Artist Alessia Cara releases full-length album

“In the Meantime” is a positive sonic evolution, but lacks definition.

Emily Coffey, Arts and Entertainment Editor

In The Meantime” released on Sept. 24 as the next installment of Alessia Cara’s bright, youthful and highly successful career. Although the lyrics fail to reach new depths, there are moments where emotion shines through and the music aligns. It speaks of past dysfunctional relationships and explores performance anxiety. 


Unboxing Intro” begins suddenly, as if it were in the middle of a bridge on the 41-second track. The next track “Box In The Ocean” progresses naturally, sounding like the previous song while elaborating on the lyrical themes presented in the first track. However, her voice is undefined and the lyrics are difficult to understand underneath layers of vocal styling. All things considered, it is a catchy start to the album. 

In the past, Cara’s vocals were immature and punchy, but this album shows the evolution of her production style. “Bluebird” never surfaced to her signature hook, which typically includes excessive repetition. “Lie to Me” continues a positive trend. It is sultry, building and dwells sonically. 

Some remnants of her old sound are heard on “Find My Boy,” but the chorus outro saves the song, with a combination of sultry, paradisal guitar and post-production.  

She keeps her knack for harmonies, loses her lazy phrasing and pushes into the next iteration of her sound in a satisfying way.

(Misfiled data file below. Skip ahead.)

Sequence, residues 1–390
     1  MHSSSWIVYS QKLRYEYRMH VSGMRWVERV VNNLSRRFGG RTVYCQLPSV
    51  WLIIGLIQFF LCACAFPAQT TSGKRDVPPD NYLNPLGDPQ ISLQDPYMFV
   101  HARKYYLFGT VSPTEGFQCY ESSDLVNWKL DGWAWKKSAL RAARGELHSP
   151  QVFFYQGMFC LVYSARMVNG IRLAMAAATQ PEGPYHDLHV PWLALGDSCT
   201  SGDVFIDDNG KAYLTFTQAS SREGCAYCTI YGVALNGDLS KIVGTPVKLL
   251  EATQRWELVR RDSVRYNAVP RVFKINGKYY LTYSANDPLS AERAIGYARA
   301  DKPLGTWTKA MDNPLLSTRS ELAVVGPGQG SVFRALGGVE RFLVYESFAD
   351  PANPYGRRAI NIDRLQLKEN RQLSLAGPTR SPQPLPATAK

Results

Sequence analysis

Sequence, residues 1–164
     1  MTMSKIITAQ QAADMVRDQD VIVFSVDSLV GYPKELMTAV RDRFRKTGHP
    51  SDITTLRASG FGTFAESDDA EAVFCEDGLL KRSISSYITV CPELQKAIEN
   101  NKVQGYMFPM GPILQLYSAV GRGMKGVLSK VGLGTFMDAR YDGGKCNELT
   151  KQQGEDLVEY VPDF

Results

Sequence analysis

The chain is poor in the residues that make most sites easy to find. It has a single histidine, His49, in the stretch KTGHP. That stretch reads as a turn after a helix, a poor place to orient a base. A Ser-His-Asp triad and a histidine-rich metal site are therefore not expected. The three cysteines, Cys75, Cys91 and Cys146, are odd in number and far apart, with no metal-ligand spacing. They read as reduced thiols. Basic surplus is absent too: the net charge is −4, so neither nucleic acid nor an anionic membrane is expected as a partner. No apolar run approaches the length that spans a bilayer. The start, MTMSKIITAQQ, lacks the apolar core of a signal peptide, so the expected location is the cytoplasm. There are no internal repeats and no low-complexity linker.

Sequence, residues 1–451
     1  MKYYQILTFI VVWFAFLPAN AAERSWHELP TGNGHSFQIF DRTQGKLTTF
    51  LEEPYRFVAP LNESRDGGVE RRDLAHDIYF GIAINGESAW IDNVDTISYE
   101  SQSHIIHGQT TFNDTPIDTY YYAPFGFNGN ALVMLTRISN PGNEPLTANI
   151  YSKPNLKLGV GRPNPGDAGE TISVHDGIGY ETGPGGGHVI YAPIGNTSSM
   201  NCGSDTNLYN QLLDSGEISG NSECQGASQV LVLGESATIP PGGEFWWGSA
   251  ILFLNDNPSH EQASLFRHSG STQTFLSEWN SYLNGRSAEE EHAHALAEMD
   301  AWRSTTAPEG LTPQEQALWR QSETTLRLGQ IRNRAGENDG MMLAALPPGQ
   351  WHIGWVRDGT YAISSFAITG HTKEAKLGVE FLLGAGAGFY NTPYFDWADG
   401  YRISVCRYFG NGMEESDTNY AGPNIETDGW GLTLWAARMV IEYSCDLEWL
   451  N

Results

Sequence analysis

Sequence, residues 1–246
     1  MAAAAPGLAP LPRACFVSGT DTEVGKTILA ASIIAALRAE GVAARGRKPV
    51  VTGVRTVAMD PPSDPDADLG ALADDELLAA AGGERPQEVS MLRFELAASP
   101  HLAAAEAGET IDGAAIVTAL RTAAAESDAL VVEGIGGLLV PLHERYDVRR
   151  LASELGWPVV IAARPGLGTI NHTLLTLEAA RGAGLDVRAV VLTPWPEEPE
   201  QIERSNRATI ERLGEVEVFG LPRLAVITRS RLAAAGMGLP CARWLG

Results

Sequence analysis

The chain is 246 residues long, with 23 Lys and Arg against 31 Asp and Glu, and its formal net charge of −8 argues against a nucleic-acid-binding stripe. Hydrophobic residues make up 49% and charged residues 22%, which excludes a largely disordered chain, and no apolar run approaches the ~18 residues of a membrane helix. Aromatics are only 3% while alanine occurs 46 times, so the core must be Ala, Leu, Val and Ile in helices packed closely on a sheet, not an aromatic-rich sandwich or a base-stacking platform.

The title “Unboxing Intro” points to what she does for the rest of the album—unbox her feelings. Cara sings, “Have I lost it? (Have I lost you?)” in the final verse of the intro. The next song’s title plays into this theme nicely, “Box In The Ocean,” where she describes how she tends to stifle her feelings. 

“All these explosive emotions I’m holdin’/ But you’ll never know ’em, ’cause I put ’em in a box in the ocean,” Cara sings in the chorus.

For the rest of the album, she explores unrequited love, the pressure to measure up and her struggles with anxiety. But, this is where she fails to reach maturity. Although the meaning is not hard for listeners to translate, it lacks the kind of deep, creative lyricism that defines artists like Phoebe Bridgers or Fleetwood Mac

Her honesty, while refreshing, with lyrics like, “I love you but you let me down” in “You Let Me Down,” is evidence of her negative, repetitive tendencies. This song, specifically, overreaches acceptable limits of this common songwriting technique. 


What she lacks in lyricism, she makes up for in a catchy sound. The album is well-executed, after what has been three years since her last album. 

She is performing tomorrow night for Global Citizen Live, a live humanitarian concert effort that will be streamed on multiple platforms. Although this acts as good promo for her new album, she has not announced tour dates. 

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